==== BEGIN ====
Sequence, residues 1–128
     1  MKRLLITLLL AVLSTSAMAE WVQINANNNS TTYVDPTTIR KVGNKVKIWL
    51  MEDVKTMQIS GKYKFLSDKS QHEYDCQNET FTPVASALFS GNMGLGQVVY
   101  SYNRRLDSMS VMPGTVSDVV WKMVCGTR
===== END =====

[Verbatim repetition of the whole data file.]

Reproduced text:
Sequence, residues 1–128
     1  MKRLLITLLL AVLSTSAMAE WVQINANNNS TTYVDPTTIR KVGNKVKIWL
    51  MEDVKTMQIS GKYKFLSDKS QHEYDCQNET FTPVASALFS GNMGLGQVVY
   101  SYNRRLDSMS VMPGTVSDVV WKMVCGTR